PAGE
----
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Homework Help: Question about recoil speed

  1. Jul 8, 2010 #1
    Bob, who has a mass of 75 kg, can throw a 500 g rock with a speed of 30 m/s. The distance through which his hand moves as he accelerates the rock forward from rest until releases it is 1 m.

    A) what constant force must Bob exert on the rock to throw it with this speed?

    B) if bob is standing on frictionless ice, what is his recoil speed.

    I got part A by doing V^2= Vi^2 + 2a(Xf-Xi), where 30=Vf, 0=vi, Xf-Xi= 1. And I got 450 m/s^2 for the acceleration. Then I plugged this in F=ma=.50 * 450= 230 N

    I have no idea how to do part B. The only force I see on bob are the normal force and weight and perhaps the force of his legs propelling him back? I'm not sure! Can someone please help guide me for part B?

    Thanks!
     
  2. jcsd
  3. Jul 9, 2010 #2
    Your procedure for part A is correct and you have the right acceleration, but check your force calculation again. As for part B, remember Newton's third law? That's the one that says that if Bob pushes on something with a force, that something will push right back on bob with the same force.
     
  4. Jul 9, 2010 #3
    First, 0.5*450 is 225 not 230 :smile:

    When Bob throwing rock - the rock throwing Bob according 3th Newtons law. That force accelerating Bob.

    Because of force is a vector, it is important in what direction Bob throwing rock. Assume horizontally.

    You should use momentum conservation law. Consider initial and final state of Bob-rock system.

    regards
    Bartek
    ps
    WOW. 30m/s! If Bob throws that rock on 45 deg it will flying for over 90 meters! He is not Bob, he is Superbob!
     
  5. Jul 9, 2010 #4
    Sorry! The force calculation should be 225 N. Ok so for part b I did 225=75a and got a=3 and then plugged this into V^2=Vi^2 + 2aX and got 30 m/s where Vi was 30 m/s (velocity he started at after leaving the ball), a=3, X=1. So my answer is 30 m/s but the books says it's .20m/s. I'm very confused.
     
  6. Jul 9, 2010 #5
    sona1177 Says: 05:19 AM


    Sorry! The force calculation should be 225 N. Ok so for part b I did 225=75a and got a=3 and then plugged this into V^2=Vi^2 + 2aX and got 30 m/s where Vi was 30 m/s (velocity he started at after leaving the ball), a=3, X=1. So my answer is 30 m/s but the books says it's .20m/s. I'm very confused.

    Edit | Quote | Reply
     
  7. Jul 9, 2010 #6
    I haven't learned momentum conservation law, my book doesn't cover it until chapter 10 and I'm only on chapter 5
    Right now :(
     
  8. Jul 9, 2010 #7
    I'm, confused too... :smile:

    OK.. let's try without momentum.

    According 3th Newton's law Bob->rock force is equal to rock->Bob force, is it cleary?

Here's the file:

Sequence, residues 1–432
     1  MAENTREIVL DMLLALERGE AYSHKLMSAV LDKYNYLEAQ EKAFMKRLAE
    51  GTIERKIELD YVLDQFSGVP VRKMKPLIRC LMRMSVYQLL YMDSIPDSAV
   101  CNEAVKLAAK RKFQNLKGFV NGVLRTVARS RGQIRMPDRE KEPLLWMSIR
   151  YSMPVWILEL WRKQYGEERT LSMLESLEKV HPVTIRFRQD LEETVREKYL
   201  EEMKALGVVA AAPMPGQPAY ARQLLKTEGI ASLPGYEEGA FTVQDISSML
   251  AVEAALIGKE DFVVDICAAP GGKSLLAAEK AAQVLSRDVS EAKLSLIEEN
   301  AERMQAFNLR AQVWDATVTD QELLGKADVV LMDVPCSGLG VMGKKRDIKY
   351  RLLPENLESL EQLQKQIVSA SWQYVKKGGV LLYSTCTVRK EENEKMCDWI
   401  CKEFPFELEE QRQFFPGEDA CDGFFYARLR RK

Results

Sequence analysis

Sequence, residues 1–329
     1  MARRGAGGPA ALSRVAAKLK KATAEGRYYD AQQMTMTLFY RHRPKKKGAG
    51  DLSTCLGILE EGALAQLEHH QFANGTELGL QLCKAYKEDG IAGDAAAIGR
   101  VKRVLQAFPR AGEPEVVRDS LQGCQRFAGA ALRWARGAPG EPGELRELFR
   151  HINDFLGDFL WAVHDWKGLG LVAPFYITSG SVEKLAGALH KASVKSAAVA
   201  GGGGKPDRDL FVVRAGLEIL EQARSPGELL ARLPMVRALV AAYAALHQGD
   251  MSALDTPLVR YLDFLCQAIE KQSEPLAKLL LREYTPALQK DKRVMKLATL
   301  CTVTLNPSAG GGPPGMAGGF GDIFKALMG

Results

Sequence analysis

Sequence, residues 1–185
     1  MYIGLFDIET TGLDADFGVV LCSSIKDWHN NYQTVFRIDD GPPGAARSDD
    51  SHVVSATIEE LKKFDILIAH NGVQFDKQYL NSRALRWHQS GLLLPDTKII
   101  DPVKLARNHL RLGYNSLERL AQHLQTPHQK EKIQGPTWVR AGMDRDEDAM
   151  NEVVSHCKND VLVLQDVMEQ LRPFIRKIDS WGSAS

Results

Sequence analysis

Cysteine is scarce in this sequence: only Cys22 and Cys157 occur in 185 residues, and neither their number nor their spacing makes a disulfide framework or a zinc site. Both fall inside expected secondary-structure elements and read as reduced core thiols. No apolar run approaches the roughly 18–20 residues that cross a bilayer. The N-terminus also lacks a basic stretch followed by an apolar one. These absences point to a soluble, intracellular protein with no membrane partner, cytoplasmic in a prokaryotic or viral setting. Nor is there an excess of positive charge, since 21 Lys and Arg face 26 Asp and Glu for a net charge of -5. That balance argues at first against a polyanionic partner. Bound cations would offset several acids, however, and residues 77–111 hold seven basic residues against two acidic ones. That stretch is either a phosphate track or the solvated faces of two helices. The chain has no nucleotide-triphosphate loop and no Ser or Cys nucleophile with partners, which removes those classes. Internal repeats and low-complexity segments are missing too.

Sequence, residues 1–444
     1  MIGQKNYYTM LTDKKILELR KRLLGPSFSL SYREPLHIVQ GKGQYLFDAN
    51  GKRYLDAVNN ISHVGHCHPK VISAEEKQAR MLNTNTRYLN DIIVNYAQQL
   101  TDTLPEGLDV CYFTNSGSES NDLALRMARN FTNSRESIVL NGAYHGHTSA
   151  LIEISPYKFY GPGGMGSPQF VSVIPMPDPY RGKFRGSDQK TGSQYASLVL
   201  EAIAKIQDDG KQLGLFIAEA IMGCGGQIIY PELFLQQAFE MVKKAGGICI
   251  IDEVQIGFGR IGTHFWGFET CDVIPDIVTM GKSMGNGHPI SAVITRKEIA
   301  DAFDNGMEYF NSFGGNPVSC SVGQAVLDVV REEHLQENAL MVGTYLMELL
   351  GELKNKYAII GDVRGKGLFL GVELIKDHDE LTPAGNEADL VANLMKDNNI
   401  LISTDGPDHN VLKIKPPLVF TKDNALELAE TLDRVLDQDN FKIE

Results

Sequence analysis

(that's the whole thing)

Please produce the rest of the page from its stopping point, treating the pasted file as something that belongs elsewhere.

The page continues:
So you can calculate separately Bob's and rock acceleration using 2nd Newton's law. When you use acceleration's definition (a=(Vf-Vi)/t) and divide Bob's acceleration by rock's acceleration you can calculate Bob's velocity.

    (You can asssume that you know time... when you divide accelerations it will be canceled).
     
  9. Jul 9, 2010 #8
    Why would I have to divide their accelerations? I still don't understand! :(
     
  10. Jul 9, 2010 #9
    This is the only way to solve problem if we can't use momentum conservation. It is just hint.

    We have only 3th Newtons law with forces equality and 2nd law with f=ma equation. We have also a=(Vf-Vi)/t equation. We have no time and we have no rock's velocity in Bob's reference system!

    When you divide accelerations, time and force will be canceled out. So you will have velocities ratio. That ratio will depends only from masses. Try.

    EDIT: OK, I agree, that calculate this ratio isn't clear. I think that this equation is more natural: F_bob=F_rock. Then M_Bob*a_Bob=M_rock*a_rock. When you use acceleration def. (a=(Vf-Vi)/t) you can solve this.
     
    Last edited: Jul 9, 2010
  11. Jul 9, 2010 #10
    This part is right. Bob's acceleration is 3 m/s2 in the opposite direction.
    But this assumes that x = 1 meter for Bob, which is not necessarily true. He moves his hand 1 meter to launch the rock, but his body does not move 1 meter -- which is what you need to put into this formula to get the right answer. So how far does he move? You don't know. You need a different approach.

    The one thing that is the same for both the rock and Bob is that the force on each is applied for the same amount of time. So how long does Bob spend launching the rock? (Hint: you need to use a formula that involves velocities, acceleration, and time). Use that time again with Bob's acceleration to find his final velocity. You should get the 0.2 m/s the book is quoting.
     
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